She began splitting time between her parents’ places when she was five. She’d later claim that she’d been abused — in ways both blatant and insidious — while staying with her father during her pre-fame years. Hope has repeatedly denied these claims.
The homes in Lil Tay’s earliest hit videos — the ones posted while she was still living in Vancouver — were not her own. Her mother was sneaking Tay and Jason into some of her company’s luxurious listings for the shoots. And the red Mercedes AMG shown in one of her most-watched videos was not hers or her mother’s. It belonged to her mother’s boss, who told the press he’d fired her when he became aware of the footage. (Addressing this chain of events more recently, Tay insisted that her mother resigned the job of her own accord.)
That post went up on March 25, 2018. By April 1, Tay had moved with her mom and brother to Los Angeles, where the mythology surrounding her took on a life of its own.
Even during those early weeks of exponential virality, the world was not entirely in Tay’s thrall. As concerned adults voiced their worries that Tay’s behavior was indicative of poor parental guidance, savvier internet sleuths began to look past the mythos to find the smoking gun that would prove a 10-year-old girl was not, in fact, a self-made millionaire entirely in charge of her own image.
While Angela Tian was initially suspected of being her daughter’s chief manipulator, a video surfaced on May 21, 2018 showing Jason coaching Tay on her persona, pushing her to redo lines when she didn’t deliver them to his liking. The same day, footage circulated of Tay shouting the n-word on camera.
Speaking to Lorenz for her Atlantic story, an anonymous source close to Tay backed up the rumors that she was under her brother’s control. “I’ve seen Lil Tay cry,” the source said. “I’ve seen her brother shout at her… She was crying hard.” While several managers took partial credit for Tay’s success in those early months, the field had already begun to clear when the controversies started rolling in, partly due to Jason’s insistence on remaining solely in charge of his sister’s career.
On June 3, 2018, Tay returned to Canada on a court order from her father, Chris Hope. (He’d agreed on her trip to L.A. with her mother two months earlier thinking it would last a few days and help her find a use for her talent beyond “flexing on the internet,” he told The Cut.) A day later, her Instagram profile was wiped.
In September, there was renewed activity on the account. The tone of the new posts was sinister: a photo of a football with a noose around it, a Black man covered in blood. More personal content came the following month: videos of Tay crying, detailed allegations of abuse aimed at Hope (he denied them at the time and did so again when they resurfaced this fall), a doctored passport that listed her birth year as 2002. Again, Jason was accused of puppeteering the scam, but he denied the claim, insisting the account had been hacked (a story Tay and her mother later upheld).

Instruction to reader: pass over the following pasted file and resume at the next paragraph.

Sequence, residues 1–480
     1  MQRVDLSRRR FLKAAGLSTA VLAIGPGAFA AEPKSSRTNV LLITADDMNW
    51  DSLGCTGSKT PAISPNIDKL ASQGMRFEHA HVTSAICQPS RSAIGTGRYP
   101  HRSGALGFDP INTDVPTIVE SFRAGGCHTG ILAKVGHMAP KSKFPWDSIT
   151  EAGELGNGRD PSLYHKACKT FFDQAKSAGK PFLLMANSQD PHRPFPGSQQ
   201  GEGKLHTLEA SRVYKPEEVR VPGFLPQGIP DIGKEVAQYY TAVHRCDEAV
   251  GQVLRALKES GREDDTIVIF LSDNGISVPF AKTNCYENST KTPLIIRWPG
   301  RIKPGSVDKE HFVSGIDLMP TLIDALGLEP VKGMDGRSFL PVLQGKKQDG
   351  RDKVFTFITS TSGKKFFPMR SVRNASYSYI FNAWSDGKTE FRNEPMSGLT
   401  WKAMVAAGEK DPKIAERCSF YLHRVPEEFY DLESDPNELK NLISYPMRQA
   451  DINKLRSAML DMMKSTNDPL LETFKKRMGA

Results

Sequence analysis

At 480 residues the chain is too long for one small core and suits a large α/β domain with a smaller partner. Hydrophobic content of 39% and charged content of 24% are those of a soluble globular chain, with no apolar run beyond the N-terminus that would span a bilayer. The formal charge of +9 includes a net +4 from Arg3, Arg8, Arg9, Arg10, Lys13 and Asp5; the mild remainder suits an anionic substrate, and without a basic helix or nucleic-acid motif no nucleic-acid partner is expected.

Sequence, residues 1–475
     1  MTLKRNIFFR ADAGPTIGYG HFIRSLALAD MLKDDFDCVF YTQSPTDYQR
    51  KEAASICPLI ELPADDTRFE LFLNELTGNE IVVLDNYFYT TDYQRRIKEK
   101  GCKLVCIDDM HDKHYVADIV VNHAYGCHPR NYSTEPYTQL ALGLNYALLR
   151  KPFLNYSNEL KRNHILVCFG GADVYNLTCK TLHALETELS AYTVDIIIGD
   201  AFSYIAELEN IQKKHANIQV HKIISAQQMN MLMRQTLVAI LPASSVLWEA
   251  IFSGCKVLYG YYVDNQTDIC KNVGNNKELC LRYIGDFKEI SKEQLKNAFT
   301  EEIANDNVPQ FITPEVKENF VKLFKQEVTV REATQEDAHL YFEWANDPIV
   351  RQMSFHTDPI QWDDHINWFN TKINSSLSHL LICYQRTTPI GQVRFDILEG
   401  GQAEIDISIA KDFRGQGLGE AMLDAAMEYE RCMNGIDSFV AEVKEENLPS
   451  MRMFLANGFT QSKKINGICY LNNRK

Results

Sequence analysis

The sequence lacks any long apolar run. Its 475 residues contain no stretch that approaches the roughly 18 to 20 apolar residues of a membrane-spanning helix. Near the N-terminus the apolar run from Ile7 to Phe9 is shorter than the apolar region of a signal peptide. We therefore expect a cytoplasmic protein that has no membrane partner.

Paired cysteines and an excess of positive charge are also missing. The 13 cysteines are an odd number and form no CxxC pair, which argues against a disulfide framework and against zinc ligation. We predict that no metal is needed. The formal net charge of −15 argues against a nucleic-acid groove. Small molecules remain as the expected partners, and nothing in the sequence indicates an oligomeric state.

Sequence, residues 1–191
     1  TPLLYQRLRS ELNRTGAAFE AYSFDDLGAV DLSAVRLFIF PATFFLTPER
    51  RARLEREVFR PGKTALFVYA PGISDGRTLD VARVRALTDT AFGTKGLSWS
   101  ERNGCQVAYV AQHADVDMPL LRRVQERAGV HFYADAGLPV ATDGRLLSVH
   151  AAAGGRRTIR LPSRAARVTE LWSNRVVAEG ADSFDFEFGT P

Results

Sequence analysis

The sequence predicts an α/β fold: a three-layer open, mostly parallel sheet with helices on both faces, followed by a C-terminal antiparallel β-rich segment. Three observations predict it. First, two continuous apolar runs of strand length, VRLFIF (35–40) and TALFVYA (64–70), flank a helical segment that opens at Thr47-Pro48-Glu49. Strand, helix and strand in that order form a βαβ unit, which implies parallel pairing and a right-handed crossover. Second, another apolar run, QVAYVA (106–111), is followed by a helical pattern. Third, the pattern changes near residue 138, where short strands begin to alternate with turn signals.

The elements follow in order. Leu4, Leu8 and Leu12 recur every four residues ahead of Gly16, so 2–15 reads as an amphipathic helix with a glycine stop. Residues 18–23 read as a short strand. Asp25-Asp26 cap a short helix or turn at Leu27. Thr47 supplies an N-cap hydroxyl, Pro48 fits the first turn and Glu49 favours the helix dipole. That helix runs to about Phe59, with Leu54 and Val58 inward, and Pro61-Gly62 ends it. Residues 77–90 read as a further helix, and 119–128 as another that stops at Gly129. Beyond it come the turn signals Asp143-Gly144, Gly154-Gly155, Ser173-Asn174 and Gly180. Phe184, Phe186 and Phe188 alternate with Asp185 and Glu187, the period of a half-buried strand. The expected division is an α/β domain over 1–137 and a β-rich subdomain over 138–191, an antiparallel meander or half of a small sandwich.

Those posts were removed from Instagram after Hope threatened legal action against the platform, and Tay’s account went silent for the next five years, one month, and 22 days. The next post to appear on her grid was an in memoriam for her and Jason. The August 9, 2023 post was deleted a day later, and Tay broke her silence. Along with the news that she and her brother were alive and well, she shared another revelation: “My legal name is Tay Tian, not ‘Claire Hope.’”
Where did Lil Tay go for five years?
Tay Tian gave the world one final piece of content before disappearing for half a decade: a December 13, 2018 interview with the Daily Beast’s Tarpley Hitt — who’d just a few months earlier called her a con artist and headlined a claim from her alleged ex-manager Harry Tsang that her allegations against her father were “fake and part of [a] twisted plot.”
As in the Good Morning America interview, Tay fielded questions in the presence of her mother — this time, over the phone. While Angela Tian did most of the talking, Tay’s limited responses were enlightening. “Right now I’m in a bad situation and I don’t want to talk about these things,” she told Hitt when pressed to detail the creation of her Instagram persona and her brother’s role therein. “With Chris Hope,” she added, when asked to clarify.